public eye

In perusing one of the daily papers recently, I found myself wondering how we came to believe, apparently, that we would live forever if modern medicine could just get its act together and fix whatever ails us.

As evidence of this, there is the August obituary of Rosa Bouglione, of Paris, who died at 107 years of age, after helping to found one of the world’s greatest circus dynasties:

“Rosa Bouglione … the queen of the big top for more than eight decades, died Aug. 26 at her home in Paris. She was 107. No cause of death was given.”

It’s just a guess, and even though my medical knowledge is limited to taking whatever pill it is that keeps my veins from becoming like the storm drains around here and filling up with sediment, but it could just be that Madame Bouglione might have died of … BEING ONE HUNDRED SEVEN YEARS OLD!

I mean, the cause-of-death hangup here seems to suggest that if medical research was just a tad more advanced, she might have lived to 108 or 208 or even 508, except for some nagging little ailment that sent her swinging up to the Great Trapeze in the Sky.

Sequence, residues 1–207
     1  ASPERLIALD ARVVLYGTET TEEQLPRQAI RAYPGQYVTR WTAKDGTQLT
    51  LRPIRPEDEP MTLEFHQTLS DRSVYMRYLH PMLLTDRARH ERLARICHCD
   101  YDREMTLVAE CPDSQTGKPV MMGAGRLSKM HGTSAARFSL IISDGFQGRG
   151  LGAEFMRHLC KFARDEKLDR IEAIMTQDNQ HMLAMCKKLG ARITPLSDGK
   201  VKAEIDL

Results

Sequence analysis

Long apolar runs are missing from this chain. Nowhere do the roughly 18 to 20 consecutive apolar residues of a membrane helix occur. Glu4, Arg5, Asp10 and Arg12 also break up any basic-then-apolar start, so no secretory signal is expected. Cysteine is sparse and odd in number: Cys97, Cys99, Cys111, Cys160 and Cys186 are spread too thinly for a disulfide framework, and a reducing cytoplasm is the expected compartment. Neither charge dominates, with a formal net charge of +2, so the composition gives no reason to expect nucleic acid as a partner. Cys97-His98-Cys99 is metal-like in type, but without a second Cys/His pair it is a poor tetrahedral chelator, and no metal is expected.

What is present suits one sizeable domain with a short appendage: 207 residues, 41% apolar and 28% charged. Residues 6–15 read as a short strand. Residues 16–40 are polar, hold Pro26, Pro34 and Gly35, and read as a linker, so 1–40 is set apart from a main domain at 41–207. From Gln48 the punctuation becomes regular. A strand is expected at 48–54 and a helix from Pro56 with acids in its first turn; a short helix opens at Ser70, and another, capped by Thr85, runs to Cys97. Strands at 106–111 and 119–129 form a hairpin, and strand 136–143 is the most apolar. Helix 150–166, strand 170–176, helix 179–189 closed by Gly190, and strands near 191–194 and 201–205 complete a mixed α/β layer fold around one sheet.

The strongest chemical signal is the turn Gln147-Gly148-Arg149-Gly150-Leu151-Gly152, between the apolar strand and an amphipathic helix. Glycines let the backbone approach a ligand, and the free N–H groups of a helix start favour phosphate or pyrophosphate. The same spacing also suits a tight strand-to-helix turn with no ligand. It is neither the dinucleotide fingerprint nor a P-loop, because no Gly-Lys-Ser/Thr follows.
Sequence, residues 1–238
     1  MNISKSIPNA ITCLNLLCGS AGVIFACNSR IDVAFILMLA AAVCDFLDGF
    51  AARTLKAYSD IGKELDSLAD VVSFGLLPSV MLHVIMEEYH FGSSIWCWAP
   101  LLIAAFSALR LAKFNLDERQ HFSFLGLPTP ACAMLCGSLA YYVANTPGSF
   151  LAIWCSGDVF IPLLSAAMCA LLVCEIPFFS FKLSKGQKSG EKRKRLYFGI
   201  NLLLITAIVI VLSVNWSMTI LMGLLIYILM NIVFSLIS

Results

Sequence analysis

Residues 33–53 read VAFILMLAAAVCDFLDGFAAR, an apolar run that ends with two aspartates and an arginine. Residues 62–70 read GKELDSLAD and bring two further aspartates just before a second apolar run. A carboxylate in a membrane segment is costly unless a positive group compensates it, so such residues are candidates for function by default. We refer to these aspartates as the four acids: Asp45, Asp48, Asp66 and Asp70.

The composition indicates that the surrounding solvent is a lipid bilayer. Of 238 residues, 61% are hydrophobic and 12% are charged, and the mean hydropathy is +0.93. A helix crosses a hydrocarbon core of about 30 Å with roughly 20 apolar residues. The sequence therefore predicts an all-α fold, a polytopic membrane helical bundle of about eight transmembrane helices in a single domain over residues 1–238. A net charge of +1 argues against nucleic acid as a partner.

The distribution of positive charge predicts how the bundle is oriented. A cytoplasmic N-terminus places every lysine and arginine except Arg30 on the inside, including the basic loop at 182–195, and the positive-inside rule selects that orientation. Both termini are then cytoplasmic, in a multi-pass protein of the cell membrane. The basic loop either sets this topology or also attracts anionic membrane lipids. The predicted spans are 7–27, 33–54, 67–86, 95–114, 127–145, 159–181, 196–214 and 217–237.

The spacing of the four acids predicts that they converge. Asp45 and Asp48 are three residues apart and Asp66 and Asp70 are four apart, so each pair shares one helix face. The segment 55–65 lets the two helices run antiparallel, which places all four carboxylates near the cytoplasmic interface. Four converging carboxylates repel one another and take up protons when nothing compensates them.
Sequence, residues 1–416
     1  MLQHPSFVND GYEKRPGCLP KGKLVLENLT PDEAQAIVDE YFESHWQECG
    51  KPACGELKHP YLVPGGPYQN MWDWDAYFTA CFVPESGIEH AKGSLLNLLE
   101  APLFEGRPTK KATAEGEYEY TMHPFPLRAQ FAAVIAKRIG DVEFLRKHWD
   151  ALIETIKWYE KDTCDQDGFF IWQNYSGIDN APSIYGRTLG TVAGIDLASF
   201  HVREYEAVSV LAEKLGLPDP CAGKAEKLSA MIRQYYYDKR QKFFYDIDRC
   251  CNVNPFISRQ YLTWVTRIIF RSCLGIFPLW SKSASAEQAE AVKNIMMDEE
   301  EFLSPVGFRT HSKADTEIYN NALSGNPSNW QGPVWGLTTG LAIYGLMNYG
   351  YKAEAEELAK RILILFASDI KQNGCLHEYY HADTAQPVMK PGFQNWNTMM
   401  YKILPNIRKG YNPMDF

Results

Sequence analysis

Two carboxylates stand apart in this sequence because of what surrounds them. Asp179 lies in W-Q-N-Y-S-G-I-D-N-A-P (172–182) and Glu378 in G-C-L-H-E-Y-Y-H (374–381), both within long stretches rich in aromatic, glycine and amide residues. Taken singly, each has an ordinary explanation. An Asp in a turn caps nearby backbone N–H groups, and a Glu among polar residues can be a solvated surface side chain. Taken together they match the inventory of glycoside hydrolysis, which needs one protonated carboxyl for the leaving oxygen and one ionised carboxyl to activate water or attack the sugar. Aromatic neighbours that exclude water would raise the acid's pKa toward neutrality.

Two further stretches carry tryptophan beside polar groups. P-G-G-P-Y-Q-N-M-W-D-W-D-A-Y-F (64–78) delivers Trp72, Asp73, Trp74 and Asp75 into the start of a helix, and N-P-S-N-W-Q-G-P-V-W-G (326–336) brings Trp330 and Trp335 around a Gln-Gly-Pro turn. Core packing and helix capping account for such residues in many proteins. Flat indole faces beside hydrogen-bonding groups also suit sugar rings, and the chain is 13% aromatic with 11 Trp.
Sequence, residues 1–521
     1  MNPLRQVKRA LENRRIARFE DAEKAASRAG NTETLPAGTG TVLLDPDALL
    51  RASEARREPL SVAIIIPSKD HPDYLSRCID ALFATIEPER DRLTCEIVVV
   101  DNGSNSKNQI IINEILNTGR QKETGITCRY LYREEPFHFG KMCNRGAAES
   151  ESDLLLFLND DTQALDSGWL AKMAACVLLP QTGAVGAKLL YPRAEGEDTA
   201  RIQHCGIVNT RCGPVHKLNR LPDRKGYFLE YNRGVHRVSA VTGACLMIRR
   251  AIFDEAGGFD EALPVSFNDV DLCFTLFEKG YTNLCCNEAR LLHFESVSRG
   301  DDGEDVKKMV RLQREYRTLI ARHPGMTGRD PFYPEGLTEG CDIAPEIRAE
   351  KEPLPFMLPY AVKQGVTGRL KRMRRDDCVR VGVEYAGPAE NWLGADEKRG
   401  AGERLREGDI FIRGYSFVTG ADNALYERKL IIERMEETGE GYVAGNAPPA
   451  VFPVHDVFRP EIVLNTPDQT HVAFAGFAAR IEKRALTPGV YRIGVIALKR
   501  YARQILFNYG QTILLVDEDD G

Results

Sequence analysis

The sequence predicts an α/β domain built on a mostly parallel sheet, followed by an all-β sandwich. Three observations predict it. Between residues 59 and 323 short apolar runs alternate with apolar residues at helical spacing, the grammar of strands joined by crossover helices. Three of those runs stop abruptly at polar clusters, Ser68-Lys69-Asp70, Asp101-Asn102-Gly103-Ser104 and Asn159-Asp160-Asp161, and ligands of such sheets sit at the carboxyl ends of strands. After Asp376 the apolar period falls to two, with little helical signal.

And it’s not just Ms. Rosa either, I discovered, as I looked at various other obituaries for notable oldies.

One I spotted on the same page was about a 91-year-old woman “whose cause of death was not disclosed.” How about being 91 as a contributing factor?

After all, if age is not one of the accepted reasons for our expiration — and we’re not born with some variation of the ubiquitous consumer advisory stamp that says, “This body is best used by …” then we would simply go on and on until we died of …

“Billy Bob Simplex, age 239, died Tuesday of an acute attack of boredom at his home in Hogjowl, Maryland.

Family members said his last words were, “I’ve been watching ‘Wheel of Fortune’ reruns for so long, I know exactly which dang vowel to buy” and then dropped dead on the spot.

“The family rejected the suggestion by medical researchers that he might have made it to an even 240 if he hadn’t been sitting so close to the TV.”

It’s conceivable — to some, apparently — that he could have done much better than a mere 240, if only we could eliminate all those other nasty little unspecified causes that get in the way of our beating Methuselah’s all-time record of 969.

Even in that case, it’s a fact that religious scholars continue to search for clues about how and why he moved on to the great beyond.

So far, all they know is, “Methuselah, 969, died just before the Great Flood. No cause of death was given.”

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